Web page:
The operation may be carried out by the use of relatively inclined peening rollers on a common rotary mounting, coaxial with the barrel support or socket (not shown). An exemplary roller mounting is illustrated at S in Fig. 6, in the form of a stem adapted to engage an adjustable tool chuck, as in a drill press. The rollers RI are held on an enlarged head SI of the stem, as by suitable screws T, shouldered to allow free rotation of the rollers in contact with the top end of the barrel.
k though the stem S is slightly eccentric to the axis of the body chuck or holder; it being understood that the body I may be supported in a suitable socket as on a rotary'table of the drill press.
Fig. 3 shows a somewhat diiferent type of roller R2, the same having a double conical Working face terminating at the apex line R2. This is designed to operate on a planar upper face of they barrel, as illustrated. Such roller operates to squeeze a portion of the upper face material into overlying and radially stressed abutment with the relatively undercut surface of the insert, lling the groove between the same and the adjacent barrel surface, as previously described. The character of the finished joint Yis illustrated in Fig. 4, I1 being a trough "effect formed by the sharp apexv of the roller `in moving the barrel metal to I8. The joint is substantially the same in operative effect as the, joints previously described.
Fig. 5 shows substantially the same joint eifect between the insert lli' and barrel I as previously described; In this case it will be noted that the insert has afilange corresponding to l2, forming a'shculder at 6', the flange merely being wider, axially of the insert Ill'. employed to operate overhead-valve push rods and has'a spherical socket 2i), for receiving the lower spherical end of such push rod (not shown). y v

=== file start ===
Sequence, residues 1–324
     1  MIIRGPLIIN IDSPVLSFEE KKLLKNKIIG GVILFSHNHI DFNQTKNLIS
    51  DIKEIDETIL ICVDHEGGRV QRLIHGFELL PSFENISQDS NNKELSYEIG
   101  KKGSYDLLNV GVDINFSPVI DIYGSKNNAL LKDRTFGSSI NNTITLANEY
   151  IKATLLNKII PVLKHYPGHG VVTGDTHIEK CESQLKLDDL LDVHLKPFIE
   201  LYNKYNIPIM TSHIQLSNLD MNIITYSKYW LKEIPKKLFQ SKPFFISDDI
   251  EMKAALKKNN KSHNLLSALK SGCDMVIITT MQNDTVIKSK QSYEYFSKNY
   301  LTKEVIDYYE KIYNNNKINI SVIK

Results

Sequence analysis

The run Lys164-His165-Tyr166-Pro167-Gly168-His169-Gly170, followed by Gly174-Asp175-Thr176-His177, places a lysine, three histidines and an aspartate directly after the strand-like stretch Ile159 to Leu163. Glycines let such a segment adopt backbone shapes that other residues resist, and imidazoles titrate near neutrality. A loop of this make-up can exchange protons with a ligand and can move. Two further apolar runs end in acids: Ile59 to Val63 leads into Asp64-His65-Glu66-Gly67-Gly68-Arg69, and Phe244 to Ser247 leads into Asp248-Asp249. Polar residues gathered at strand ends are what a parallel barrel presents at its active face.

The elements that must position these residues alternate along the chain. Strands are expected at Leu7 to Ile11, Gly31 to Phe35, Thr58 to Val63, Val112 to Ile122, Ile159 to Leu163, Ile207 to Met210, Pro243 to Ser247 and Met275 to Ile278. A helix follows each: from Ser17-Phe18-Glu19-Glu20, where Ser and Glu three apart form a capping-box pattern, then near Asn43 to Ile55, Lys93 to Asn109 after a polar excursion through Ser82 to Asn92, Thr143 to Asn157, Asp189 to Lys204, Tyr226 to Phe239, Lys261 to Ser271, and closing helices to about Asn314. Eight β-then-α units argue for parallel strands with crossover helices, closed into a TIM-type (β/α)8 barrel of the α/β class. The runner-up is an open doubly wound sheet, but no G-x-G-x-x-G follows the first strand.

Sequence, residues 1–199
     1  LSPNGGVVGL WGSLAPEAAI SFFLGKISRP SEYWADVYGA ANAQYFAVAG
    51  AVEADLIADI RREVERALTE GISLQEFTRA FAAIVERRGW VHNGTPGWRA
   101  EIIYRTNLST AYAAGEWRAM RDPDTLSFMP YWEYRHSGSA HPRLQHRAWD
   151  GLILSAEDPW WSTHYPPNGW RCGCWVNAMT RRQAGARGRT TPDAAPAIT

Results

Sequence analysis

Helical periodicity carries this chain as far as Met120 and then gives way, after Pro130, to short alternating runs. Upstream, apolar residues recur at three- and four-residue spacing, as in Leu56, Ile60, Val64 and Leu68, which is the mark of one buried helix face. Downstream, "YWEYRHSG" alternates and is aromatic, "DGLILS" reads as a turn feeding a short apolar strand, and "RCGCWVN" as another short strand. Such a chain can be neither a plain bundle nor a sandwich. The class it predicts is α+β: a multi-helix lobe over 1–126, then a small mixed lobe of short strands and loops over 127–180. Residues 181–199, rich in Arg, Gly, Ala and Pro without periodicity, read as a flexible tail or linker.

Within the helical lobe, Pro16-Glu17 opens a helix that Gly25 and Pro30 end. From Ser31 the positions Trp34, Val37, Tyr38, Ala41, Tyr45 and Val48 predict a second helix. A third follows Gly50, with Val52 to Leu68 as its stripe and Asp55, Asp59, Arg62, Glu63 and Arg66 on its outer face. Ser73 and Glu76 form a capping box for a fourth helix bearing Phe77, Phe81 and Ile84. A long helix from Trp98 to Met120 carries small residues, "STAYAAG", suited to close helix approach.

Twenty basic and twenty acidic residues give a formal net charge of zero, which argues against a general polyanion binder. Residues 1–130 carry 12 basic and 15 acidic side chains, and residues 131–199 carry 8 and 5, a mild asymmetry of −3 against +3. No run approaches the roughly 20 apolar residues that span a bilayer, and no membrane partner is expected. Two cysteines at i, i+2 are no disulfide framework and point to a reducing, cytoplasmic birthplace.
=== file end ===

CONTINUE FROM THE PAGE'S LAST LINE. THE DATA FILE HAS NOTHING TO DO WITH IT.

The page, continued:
The metal of the barrelxnay be pressed into place around the rim of the insert by an appropriate die or dies, (not shown) instead of being spun into place, but this in general is not as satisfactory as progressively working the metal into place, vas by spinning. Y
It is manifest that the joints eifected by the above describedmethod, in any described form, are permanent in operation and easy to inspect for accuracy. The metalof kthe barrel at the joint, being cold worked and compressed, is
The insert is of the type.
stronger if lanything than the adjacent unworked metal, and is at no part under tension, although it is backed up by radially outer parts of the barrel that may be under tension in withstanding the reaction forces.
1. A valve tappet comprising a rcast iron hollow body casting having a relatively thickened annular upper end provided with a substantially cylindrical axial' bore and a counter-bore outwardly thereof and forming an annular shoulder, a metallic insert having a body portion extending taxially within thecylindrical axial bore of the casting and projecting outwardly of `the tappet bodysaid insert having an annular flange lying withinvthe counter-bore of said casting and resting on said shoulder, and means on the outer edge of the wall of the counter-bore laterally kdisplaced to overlie the outer peripheral riml of said insert flange andto press the said insert .flange against said shoulder whereby to per- .m anently secure said body casting and insert together in operative assembly. Y
2. A valve tappet comprising a cast iron hollow body casting havingv a relatively thickened annular upper endprovided with a substantially cylindrical axial bore anda counter-bore outwardly thereof and forming an annular shoulder, an internally threaded adjusting screw retainer having a body portion extending axially within the cylindrical axial bore of the casting and projecting outwardly of the tappet body, said insert having an annular flange lying within the counter-bore of said casting and resting on said shoulder, and a laterally displaced radially inwardly extending annular lipv integrally carried on the outer edge ofthe wall of kthe counter-borecon- `structed and arranged to overlie'the outer peripheral rim of said insert flange and to press the said insert flange against said shoulder, whereby to .permanentlysecure said body casting and insert together in operative assembly.
` I HAROLD M. LOCHRANE.